While I’ve mostly been occupied with the IFFP longlist recently, I have had a few others books waiting to be read and reviewed. One of these is a book I was asked to review a while back, something a little different. So, how’s your Portuguese?
Contemporary Brazilian Short Stories is a collection which comes from the web-site of the same name. Word Awareness (run by translator Rafa Lombardino) invited writers from Brazil to submit short pieces of fiction which would be translated into English and published on the web-site. It’s a project which hopes to give young Brazilian writers more exposure to an international audience – and perhaps more success too 🙂
The collection contains twenty-two stories, the majority of which are fairly short (some coming in at a little over a page) with only a few stretching to more than five pages. Almost all of the stories are translated by Lombardino, but for those of you who do know a little Portuguese, there’s an added bonus. Just as at the site, you can also read the stories in the original version…
But what is it actually like? Well, as you can imagine in an anthology of this sort, there is a variety of moods and styles. While the majority would fall under the umbrella of literary fiction, there are a few stories which you could label as genre fiction. Kariny Aciole’s ‘Return to Shantra’ is a fantasy tale, with a hint of erotica thrown in for good measure, while Elisabeth Maranhão’s ‘Glass and Porcelain in the Garden’, a story about a woman uncovering her husband’s affair could (possibly!) be considered chick lit.
There are also some rather short, poetic pieces, stories which need to be reread several times to get the idea behind the words. Ludmila Barbosa is described in her blurb as a poet, so it is no surprise that her ‘Notes on Dreaming’ reads a little like a poem. I also enjoyed Lorena Leandro’s short work ‘Relationship’, in which a woman’s unconditional love is shown to have a rather unusual object…
A few of the stories have an aspect of Brazilian culture as their focus, and some of these were perhaps among the more successful stories in the collection. Roberto Denser’s ‘The Chick Who Read Clarice Lispector Too Much’ is a clever story set at a bus stop, in which the dangers of being a book snob are on display. ‘Eternally Lying in a Splendid Cradle’ by Simone Campos, the longest story in the collection, is an intriguing look at Brazilian culture seen partially through the eyes of a foreigner. As for Gui Nascimento’s ‘I Love São Paulo’, well that’s just a few pages of two friends talking drug-influenced nonsense about the great city 😉
For me though, the best stories here are also fairly simple and universal ones. José Geraldo Gouvêa’s ‘The Girl Who Like Listening to Stories’ is a tale which will resonate with anyone who remembers discovering the beauty of words. My favourite story in the collection though is the very last one, by Paulo Carvalho. A man thinks back to the day he discovered love, a story of riding bikes down a hill and discovering feelings for a girl. The title? ‘Simple’…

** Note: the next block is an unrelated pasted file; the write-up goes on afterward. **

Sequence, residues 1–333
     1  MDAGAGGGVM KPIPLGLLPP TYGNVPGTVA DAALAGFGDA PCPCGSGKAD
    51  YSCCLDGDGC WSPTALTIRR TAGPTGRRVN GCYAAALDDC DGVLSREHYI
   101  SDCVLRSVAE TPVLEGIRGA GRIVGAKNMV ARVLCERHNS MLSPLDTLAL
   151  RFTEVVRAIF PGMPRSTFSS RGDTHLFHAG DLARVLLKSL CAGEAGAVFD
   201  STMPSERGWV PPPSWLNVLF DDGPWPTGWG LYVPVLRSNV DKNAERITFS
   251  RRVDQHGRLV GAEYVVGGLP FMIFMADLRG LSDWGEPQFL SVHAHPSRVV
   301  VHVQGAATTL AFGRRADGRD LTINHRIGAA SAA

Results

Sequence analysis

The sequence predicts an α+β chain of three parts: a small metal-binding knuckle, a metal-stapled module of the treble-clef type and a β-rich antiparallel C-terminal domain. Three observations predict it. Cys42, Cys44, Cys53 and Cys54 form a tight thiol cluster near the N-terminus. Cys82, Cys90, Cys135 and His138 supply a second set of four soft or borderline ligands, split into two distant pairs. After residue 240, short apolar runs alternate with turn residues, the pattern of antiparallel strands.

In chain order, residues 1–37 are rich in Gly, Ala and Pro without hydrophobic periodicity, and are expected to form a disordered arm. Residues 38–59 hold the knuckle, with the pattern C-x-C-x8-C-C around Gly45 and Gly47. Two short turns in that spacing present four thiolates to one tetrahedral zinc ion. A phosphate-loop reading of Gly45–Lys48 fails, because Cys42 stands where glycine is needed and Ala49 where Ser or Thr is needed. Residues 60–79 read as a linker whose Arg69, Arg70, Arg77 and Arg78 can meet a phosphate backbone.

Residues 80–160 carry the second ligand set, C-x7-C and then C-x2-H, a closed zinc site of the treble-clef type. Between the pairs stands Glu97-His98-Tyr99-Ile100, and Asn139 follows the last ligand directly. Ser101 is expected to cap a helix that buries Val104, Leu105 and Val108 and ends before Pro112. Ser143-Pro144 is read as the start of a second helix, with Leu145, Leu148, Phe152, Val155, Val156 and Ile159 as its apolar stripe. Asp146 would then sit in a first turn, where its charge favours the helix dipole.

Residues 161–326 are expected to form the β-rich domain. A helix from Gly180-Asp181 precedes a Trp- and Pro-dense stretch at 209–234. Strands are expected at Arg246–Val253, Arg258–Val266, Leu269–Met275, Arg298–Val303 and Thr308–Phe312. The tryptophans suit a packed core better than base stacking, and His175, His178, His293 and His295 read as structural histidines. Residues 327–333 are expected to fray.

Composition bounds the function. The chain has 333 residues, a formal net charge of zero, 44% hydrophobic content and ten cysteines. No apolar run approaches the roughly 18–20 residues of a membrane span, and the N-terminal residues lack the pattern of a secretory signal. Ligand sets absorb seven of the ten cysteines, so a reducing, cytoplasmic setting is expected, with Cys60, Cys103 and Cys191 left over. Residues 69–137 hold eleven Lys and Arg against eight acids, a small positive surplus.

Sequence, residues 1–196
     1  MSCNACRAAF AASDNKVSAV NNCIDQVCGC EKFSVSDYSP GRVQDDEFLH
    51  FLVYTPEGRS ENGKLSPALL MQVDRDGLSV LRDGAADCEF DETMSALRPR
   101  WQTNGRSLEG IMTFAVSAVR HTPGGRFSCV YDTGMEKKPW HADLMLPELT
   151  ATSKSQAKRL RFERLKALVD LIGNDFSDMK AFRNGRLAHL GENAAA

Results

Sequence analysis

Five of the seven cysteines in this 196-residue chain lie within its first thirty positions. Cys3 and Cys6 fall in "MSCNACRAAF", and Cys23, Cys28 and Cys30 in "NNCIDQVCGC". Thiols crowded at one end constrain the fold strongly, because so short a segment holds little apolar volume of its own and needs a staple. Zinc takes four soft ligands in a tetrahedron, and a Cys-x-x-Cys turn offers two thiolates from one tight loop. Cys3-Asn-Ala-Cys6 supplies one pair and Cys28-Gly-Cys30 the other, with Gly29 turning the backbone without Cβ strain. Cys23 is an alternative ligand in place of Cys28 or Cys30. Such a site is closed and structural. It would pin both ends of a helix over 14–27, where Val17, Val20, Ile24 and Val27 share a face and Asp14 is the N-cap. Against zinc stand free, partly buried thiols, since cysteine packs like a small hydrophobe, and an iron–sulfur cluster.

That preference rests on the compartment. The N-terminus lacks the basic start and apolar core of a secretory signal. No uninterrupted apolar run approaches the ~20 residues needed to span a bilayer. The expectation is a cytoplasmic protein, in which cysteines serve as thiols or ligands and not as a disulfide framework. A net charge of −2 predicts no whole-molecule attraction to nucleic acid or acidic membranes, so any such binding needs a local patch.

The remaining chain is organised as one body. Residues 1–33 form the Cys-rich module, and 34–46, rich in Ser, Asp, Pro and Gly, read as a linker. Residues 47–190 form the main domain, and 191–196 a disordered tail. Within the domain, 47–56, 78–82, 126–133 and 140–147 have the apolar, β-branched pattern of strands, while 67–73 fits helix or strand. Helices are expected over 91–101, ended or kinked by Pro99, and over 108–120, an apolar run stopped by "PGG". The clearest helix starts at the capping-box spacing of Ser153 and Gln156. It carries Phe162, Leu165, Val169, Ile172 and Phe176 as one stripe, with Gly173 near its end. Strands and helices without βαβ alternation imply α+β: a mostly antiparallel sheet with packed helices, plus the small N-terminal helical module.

The book is available on Amazon (in both paperback and Kindle format), but the stories are also available for browsing on the CBSS web-site. Two new stories are published each month (on the 1st and 15th), and there’s a wide range of stories to browse. Anyone interested in what’s coming out of Brazil (which may well become the next big thing in translated fiction) should definitely check it out 🙂
One last thing I’d like to comment on is the translation, as it’s rare that I have both the original and the translation in front of me at the same time. While my Portuguese is fairly poor (just a year of wasting time while at university…), having studied most Romance languages, I can get a feel for the original from the translation. There was a distinct difference in style between the two versions, one which came across in many of the stories I compared.
One story I’d like to focus on is Wilson Gorj’s ‘ The Black Mulberry’ (‘Amora negra’), and I’ll just give you one paragraph from each version:
“Deliciosa, porém pequenas. Havia, sim, uma bem grande, mas esta amora pendia na ponte de um dos galhos estendidos sobre a agua.” (pp.121/2)
“They were delicious, but too small. There was a very big juicy mulberry hanging from one of the branches right above the water.” (p.23)
With a bit of luck, you’ll be able to see the differences in style between the two versions. The English gets across the content of the original, but I’m not sure that the rhythm and style of the Portuguese is captured, and that means that the story comes across as a little prosaic in English, where the Portuguese (to my untutored ears) seems more melodic. If it had been translated like this, would the meaning have been lost?
‘Delicious, but small. There was, it’s true, a very big one, but this mulberry hung from the end of one of the branches extending over the water.”
The word ‘delicious’ was mentioned in the previous sentence, so I don’t feel the need to add the pronoun ‘they’. I also think that there is no need to alter the Portuguese sentence structure in the second sentence…
You can tell that I’m a frustrated translator, but I think that perhaps content wins out over style occasionally in this collection, especially in the simplification of sentences. English is less tolerant of long, rambling, comma-filled sentences than the Romance languages (except, of course, when I’m on a roll in my blog posts!), but I enjoy reading this style of writing. I hope Rafa takes this as a comment on, and not a criticism of her translation style 🙂